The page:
Cybercrime laws in Pakistan
Pakistan has enacted several laws to combat technology-based crimes with strict penalties for offences. Hacking, identity theft, cyber bullying, cyber stalking, financial fraud and digital piracy are recognised as serious, punishable crimes by the National Response Centre for Cyber Crimes. The Prevention of Electronic Crimes Act (PECA) 2016 also criminalises violence against minors and sexual exploitation of children on online platforms, granting punishment of up to seven years and fine up to 5 million rupees or both to perpetrators.
Kamran, however, believes that reporting and implementation mechanism in this regard has been very slow.
“This [the delay in response] is essentially providing free exit to perpetrators and a lifelong trauma to children,” she bemoaned. “Law enforcement authorities play a pivotal role in providing safety through timely action and with the situation becoming stressful due to Covid-19, it becomes even more necessary for them and parents to ensure safety of children and provide them the support they need.”
Kamran elaborated the need to create awareness among children about online harm while at the same time not restricting their access to the internet. “Children have equal right to privacy and safety,” she maintained, reiterating that social media platforms should proactively moderate violent content, improve their reporting mechanism, and ensure a safe space for young children and adults alike.
Much in agreement with Kamran, Dad said it was crucial for social media giants like Facebook, Twitter, Instagram, YouTube, TikTok and others to ensure a secure digital experience for all and added that the people needed to hold them accountable either through advocacy or open communication over this responsibility.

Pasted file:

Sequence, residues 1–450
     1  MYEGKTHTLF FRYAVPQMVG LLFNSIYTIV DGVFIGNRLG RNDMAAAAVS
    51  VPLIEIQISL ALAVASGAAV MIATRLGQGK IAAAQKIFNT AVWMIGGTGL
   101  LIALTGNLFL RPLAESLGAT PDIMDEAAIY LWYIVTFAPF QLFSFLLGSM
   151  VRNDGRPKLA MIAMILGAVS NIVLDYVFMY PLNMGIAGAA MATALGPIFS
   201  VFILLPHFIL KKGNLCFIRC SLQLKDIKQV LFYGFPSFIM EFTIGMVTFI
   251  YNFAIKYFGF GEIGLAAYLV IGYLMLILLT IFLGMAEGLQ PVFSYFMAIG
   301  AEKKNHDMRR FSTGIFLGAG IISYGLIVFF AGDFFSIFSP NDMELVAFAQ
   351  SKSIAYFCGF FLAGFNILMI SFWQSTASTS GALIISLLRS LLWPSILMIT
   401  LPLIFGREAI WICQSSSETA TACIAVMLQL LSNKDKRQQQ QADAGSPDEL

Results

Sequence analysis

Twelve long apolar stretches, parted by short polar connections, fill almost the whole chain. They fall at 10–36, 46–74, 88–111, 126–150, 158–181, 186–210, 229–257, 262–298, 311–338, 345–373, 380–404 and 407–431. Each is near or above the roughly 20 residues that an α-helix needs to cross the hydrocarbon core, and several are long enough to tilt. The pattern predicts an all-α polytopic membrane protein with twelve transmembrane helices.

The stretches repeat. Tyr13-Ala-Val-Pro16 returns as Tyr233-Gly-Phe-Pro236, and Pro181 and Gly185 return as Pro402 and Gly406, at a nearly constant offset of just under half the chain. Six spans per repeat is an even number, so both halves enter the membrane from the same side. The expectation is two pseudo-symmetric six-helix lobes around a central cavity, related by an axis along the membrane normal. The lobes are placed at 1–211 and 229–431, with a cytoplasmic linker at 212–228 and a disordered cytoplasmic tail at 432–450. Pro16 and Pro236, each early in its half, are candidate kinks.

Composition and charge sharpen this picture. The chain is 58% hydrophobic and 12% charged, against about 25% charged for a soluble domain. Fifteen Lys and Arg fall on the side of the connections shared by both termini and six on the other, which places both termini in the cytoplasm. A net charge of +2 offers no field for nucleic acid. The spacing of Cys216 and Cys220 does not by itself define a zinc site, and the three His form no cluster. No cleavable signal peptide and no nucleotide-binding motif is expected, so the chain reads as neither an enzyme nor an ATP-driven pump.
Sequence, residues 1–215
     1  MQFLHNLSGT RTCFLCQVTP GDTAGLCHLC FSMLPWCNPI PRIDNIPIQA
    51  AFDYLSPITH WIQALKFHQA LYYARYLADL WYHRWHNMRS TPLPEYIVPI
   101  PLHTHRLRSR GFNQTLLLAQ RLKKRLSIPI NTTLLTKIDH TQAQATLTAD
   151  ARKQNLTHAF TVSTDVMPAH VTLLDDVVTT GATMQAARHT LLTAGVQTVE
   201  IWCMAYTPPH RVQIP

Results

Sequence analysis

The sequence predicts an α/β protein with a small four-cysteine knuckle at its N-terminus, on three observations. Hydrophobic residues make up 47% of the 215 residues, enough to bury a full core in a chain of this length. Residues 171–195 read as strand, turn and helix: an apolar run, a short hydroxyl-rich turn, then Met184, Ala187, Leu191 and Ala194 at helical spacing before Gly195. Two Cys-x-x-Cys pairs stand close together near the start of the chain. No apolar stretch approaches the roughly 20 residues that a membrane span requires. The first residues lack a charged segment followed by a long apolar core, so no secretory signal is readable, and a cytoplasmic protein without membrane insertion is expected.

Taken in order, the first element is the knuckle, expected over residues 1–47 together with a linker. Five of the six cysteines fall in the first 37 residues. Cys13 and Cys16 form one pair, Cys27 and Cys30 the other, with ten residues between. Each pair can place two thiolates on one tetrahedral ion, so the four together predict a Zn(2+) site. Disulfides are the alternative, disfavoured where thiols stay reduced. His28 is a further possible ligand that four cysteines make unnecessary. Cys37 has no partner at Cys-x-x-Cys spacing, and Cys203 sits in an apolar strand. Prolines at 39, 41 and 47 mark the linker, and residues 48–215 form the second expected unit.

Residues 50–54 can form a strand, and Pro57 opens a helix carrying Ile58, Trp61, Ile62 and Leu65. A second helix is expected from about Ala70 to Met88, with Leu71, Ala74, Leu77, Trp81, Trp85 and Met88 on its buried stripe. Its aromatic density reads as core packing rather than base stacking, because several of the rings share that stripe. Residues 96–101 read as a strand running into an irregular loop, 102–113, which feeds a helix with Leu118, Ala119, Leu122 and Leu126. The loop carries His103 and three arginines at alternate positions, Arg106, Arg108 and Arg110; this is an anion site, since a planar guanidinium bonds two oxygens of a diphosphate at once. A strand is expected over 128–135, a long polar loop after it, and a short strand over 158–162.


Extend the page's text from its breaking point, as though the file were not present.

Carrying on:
With cyberbullying and abuse severely impacting the overall well-being of children, mental health experts urge parents to look out for red flags in their kids’ behaviours. They encourage open conversations, trust-building and better communication to address problems.
“It is critically important for parents to communicate with children regularly, in a friendly manner and ask them about their activities online. The child must confide in their parents, find a support system and not fear them,” psychologist and expert in Cognitive Behavioural Therapy Tipu Pervaiz told The Express Tribune. “If a child is distressed, withdrawn or behaves differently, there could be something bothering him/her. This calls for parents’ intervention.”
Pervaiz added that as most children stay at homes due to schools’ closure, the seclusion can cause loneliness, anxiety and social disorders, and can make them more vulnerable to fall prey to cyber criminals.
“Reassure your children that they can come to you if anything is bothering them or if someone is being nasty or making them feel uncomfortable in any way, shape or form,” he stressed.